Documents from the Lynbrook and East Rockaway school districts show that they are in compliance with the state’s 4 percent limit on unassigned funds.
Per state law, school districts’ unassigned funds cannot exceed 4 percent of their budget. Unassigned funds are money that has not been used throughout the year and could be used for any valid purpose.
Lynbrook’s unassigned fund balance was $3.4 million in July, exactly 4 percent of the district’s almost $85.2 million budget. East Rockaway’s unassigned fund balance was less than 4 percent of the district’s $38.4 million, at $2.5 million. Unassigned funds differ from reserve funds because the reserves are appropriated for a specific area, while unassigned funds can be used for any expenses that arise.
Though Lynbrook’s unassigned fund balance is in accordance with state mandates, two of its 10 reserve funds were not used in the 2017-18 school year and are not expected to be used this year, documents from the district show. As a result, the funds collected from budget surpluses are sitting in an account and are accruing interest.
“It’s kind of sitting there, waiting for its purpose,” said Paul Lynch, the district’s assistant superintendent for finance.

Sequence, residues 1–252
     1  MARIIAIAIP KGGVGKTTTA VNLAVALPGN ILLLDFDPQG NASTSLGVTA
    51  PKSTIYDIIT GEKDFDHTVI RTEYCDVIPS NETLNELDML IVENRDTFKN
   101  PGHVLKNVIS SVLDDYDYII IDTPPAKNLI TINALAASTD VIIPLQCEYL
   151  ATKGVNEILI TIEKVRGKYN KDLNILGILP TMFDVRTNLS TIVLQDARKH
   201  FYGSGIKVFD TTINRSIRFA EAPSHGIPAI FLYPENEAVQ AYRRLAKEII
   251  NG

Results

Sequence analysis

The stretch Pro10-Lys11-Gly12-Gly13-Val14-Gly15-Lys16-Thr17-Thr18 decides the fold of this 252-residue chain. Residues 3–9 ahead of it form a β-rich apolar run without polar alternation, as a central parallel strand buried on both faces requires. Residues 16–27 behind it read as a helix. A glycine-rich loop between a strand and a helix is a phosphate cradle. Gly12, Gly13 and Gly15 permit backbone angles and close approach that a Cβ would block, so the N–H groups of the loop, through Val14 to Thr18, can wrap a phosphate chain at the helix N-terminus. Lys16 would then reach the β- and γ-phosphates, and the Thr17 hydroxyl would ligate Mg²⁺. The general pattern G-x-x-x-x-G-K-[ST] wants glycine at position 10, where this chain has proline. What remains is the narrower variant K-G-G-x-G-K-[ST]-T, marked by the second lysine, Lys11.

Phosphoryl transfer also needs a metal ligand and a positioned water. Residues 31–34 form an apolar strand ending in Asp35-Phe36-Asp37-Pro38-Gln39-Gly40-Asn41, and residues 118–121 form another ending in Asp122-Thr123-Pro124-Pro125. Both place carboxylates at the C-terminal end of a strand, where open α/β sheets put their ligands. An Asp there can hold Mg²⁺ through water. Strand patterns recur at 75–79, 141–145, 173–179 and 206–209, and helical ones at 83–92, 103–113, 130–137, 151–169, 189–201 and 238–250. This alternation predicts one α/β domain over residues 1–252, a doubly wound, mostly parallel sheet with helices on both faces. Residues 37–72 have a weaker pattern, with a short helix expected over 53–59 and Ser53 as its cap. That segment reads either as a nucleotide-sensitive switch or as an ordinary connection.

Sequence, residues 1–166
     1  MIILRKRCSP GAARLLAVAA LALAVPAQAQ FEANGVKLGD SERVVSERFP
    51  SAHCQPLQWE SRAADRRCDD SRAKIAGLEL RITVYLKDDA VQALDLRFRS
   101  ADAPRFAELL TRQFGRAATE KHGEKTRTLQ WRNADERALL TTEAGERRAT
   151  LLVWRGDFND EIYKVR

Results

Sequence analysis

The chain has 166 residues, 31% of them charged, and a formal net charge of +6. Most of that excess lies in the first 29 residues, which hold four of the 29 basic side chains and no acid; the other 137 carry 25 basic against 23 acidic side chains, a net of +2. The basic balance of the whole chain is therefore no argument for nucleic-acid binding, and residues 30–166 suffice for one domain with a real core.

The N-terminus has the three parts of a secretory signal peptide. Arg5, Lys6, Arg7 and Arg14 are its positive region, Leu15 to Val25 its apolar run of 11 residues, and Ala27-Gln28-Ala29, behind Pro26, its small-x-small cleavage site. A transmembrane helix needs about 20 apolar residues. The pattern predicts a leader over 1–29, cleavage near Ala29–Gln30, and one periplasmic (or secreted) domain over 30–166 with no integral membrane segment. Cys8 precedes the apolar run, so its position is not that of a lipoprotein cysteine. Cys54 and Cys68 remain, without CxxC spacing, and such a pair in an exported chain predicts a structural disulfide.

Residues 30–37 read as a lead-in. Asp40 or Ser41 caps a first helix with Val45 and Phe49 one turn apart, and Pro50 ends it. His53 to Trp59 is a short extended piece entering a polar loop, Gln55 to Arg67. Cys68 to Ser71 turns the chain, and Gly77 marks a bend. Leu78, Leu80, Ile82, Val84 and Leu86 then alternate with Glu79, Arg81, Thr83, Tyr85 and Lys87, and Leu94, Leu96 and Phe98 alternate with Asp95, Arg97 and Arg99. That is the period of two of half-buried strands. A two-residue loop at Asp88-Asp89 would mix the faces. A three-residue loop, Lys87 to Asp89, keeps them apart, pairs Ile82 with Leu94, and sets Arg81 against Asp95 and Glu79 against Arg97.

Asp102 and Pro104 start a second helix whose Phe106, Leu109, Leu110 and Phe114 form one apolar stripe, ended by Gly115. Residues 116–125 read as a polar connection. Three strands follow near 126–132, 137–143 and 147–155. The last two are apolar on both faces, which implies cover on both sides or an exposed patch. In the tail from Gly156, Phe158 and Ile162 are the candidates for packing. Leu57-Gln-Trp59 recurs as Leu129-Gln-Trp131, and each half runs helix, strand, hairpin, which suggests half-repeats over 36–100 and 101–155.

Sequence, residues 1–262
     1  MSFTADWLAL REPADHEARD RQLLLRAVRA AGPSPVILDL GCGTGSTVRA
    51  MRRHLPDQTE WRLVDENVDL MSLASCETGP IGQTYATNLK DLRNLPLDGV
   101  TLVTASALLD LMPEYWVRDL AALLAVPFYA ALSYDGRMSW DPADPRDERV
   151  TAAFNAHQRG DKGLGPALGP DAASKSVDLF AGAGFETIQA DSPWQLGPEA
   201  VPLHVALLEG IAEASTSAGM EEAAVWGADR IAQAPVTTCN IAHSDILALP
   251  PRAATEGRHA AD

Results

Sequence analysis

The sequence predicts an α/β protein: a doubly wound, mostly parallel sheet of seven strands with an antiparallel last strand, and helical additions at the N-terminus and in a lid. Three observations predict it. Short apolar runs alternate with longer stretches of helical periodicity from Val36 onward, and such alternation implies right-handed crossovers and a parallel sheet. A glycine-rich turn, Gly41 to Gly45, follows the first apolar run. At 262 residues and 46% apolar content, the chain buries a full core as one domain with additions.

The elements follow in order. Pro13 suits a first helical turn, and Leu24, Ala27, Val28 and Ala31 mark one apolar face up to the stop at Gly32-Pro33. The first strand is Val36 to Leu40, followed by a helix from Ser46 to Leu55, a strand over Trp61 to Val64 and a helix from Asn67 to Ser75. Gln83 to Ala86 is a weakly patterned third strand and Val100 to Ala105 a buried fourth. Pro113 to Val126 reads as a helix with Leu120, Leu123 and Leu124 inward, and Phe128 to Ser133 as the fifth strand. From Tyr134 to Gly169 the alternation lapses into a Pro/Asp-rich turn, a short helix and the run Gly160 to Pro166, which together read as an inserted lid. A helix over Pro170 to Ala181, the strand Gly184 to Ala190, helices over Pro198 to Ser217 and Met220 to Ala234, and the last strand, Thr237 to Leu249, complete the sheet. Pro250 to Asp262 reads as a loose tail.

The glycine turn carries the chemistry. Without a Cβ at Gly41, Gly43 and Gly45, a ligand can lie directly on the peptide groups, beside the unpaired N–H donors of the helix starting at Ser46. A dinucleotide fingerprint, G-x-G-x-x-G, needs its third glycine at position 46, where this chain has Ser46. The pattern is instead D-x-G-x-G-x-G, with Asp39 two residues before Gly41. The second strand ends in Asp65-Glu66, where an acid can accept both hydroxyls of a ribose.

The reserve funds that have not been used are the district’s $164,990 unemployment insurance fund and the district’s $1.4 million general liability reserve fund. Lynch said that the insurance fund has not been touched because he was able to incorporate the district’s unemployment insurance reimbursements into the budget. He also said he would continue to monitor the district’s need for the reserve funds.
“If enough years go by and we’re not using it, we may appropriate it,” he said.
School districts use reserve funds as “contingency funding,” Lynch said. In the 2017-18 school year, Lynbrook had $26.6 million worth of budget surpluses in reserves. Those reserves also collect interest, which is applied back into the fund, according to Lynch.
The district’s largest reserve is the capital projects reserve, which was created in May 2008 to fund “all or part of the cost of construction, reconstruction, or acquisition of capital building and grounds projects and equipment,” according to Lynbrook’s “Guiding Principles for Reserves” document. That fund had $6.49 million as of June 30, 2017, $1.18 million of which was used during the 2017-18 school year and another $5 million of which will be used in 2019 to close the fund.
Voters in the district approved another reserve in May 2018 to replace the capital reserve fund, which can be up to $500,000.
“We’re very transparent with our reserves,” Lynch said, adding that the “community is very supportive of us having reserves.”
The East Rockaway School District had $10.9 million in reserve funds as of June 2017, which was worth about 28.5 percent of its budget. The largest reserve was for retirement contributions.